December 3, 2012
- Music industry experts are skeptical of startups in light of the “prohibitively expensive” costs of licensing music from record labels, writes GigaOM contributor Matthew Hawn. But “they’ve forgotten that the music industry isn’t — and never has been — just about recorded music,” Hawn writes, noting that many companies have promising opportunities in other parts of the music world.
- Rather that “whining about the high cost of licensing music,” some companies have switched their focus to live music, offering fans intimate access to artists.
- “And fans are willing to pay for these experiences, in stark contrast to the smaller segment who are willing to [pay] for downloads or subscription music services,” Hawn writes, noting that these offerings are also hard to pirate.
- Another open door is music discovery, promoting musicians that are otherwise lost in obscurity. “The old channels of videos and radio are still there, but the Internet exploded everything and diffused attention. In many ways it’s harder than ever for artists and fans to connect,” the post states.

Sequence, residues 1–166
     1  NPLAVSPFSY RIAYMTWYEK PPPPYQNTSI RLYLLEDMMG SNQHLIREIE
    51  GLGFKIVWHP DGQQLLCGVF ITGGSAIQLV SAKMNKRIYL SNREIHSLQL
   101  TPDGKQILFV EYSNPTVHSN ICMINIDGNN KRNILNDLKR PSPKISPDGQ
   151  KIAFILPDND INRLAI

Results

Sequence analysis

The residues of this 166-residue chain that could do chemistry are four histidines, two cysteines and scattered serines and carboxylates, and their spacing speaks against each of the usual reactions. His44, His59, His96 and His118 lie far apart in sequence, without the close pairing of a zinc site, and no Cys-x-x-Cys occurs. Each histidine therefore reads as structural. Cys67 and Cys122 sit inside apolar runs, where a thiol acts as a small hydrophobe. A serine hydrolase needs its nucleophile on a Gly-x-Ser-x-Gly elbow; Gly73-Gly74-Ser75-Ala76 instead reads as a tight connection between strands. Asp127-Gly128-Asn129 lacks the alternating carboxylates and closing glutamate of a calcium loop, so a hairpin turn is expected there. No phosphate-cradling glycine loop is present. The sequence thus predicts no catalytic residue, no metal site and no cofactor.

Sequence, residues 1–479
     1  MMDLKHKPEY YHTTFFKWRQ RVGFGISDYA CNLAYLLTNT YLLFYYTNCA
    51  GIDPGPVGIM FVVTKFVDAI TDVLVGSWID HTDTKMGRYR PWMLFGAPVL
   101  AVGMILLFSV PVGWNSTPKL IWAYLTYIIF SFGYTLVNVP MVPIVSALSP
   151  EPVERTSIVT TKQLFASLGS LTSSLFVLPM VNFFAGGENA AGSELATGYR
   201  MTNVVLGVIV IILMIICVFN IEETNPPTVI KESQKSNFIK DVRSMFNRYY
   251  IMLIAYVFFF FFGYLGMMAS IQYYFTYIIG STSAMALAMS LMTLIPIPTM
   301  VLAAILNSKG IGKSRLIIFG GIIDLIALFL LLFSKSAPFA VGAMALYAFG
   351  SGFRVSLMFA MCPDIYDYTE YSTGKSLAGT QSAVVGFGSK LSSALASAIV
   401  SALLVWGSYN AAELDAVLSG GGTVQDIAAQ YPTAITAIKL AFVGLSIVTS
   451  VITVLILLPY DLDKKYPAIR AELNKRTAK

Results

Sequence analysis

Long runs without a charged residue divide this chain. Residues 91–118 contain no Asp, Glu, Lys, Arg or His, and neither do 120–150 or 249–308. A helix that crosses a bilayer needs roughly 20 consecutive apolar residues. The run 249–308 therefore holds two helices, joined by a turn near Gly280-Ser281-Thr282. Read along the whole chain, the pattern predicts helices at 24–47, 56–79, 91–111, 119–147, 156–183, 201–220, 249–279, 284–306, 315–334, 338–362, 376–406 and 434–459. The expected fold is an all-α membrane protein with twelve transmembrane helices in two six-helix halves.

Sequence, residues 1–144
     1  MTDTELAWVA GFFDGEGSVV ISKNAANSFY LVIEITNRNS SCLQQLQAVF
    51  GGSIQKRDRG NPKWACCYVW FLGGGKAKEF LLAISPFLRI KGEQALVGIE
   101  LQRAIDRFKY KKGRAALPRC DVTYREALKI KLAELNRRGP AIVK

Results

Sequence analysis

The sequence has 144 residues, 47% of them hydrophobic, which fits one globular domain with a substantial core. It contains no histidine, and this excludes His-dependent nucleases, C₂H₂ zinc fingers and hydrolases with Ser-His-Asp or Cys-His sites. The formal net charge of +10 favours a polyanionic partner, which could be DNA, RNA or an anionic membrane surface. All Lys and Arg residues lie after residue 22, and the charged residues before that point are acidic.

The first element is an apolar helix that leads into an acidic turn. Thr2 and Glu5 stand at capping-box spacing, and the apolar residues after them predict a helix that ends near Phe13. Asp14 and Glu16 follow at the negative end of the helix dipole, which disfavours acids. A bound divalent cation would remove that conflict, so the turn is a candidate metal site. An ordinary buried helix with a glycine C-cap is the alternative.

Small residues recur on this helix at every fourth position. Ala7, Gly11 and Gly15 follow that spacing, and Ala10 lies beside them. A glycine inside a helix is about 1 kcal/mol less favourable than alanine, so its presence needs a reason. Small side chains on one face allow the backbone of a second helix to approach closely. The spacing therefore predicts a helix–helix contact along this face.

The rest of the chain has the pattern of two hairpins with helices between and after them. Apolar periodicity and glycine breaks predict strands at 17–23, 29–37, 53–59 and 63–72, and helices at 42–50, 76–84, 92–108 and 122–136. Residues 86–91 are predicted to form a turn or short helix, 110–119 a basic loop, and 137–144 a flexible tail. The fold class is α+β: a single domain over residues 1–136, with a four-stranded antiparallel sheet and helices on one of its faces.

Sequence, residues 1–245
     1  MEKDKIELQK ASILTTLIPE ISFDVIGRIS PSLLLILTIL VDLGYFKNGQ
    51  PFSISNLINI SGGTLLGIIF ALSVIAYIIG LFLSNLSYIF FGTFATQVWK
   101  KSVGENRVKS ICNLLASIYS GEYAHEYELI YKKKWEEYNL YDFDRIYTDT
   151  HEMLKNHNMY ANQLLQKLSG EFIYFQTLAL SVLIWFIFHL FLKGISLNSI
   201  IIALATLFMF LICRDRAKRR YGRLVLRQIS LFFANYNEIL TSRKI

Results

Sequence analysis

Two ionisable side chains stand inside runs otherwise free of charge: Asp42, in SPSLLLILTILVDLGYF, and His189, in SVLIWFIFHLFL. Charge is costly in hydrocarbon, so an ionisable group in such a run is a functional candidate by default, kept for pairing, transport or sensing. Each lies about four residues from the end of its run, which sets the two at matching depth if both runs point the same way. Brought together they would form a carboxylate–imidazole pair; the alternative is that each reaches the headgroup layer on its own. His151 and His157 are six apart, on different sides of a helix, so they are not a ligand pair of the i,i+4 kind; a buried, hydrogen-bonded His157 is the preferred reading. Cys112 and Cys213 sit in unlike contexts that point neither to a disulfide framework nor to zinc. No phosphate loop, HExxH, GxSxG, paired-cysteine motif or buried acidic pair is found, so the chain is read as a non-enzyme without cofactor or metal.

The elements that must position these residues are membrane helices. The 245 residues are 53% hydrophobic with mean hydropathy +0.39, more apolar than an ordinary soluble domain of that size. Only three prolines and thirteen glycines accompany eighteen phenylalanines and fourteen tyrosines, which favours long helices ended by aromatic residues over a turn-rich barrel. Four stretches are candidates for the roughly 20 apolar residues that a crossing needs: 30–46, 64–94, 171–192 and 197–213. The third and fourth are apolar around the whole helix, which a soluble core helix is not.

- Some startups aim to connect listeners and musicians financially, allowing fans to pay their favorite bands directly. Others are looking to create a simpler music ecosystem or leverage mobile’s capabilities.
- “The opportunities to expand [mobile technology] to other music-centric features like with ticketing, new music discovery, fan/artist interactions are all fantastic,” suggests Hawn. “Location and hyper-local services around music are also untapped.”
- “Startups create the most value when they carve out new business models and transform the way we used to do things. They are less valuable (and thus less viable) when [they’re] just wringing the last drop of money out of old models. The truly great ones transform industries and build new opportunities, growing the market for everyone.”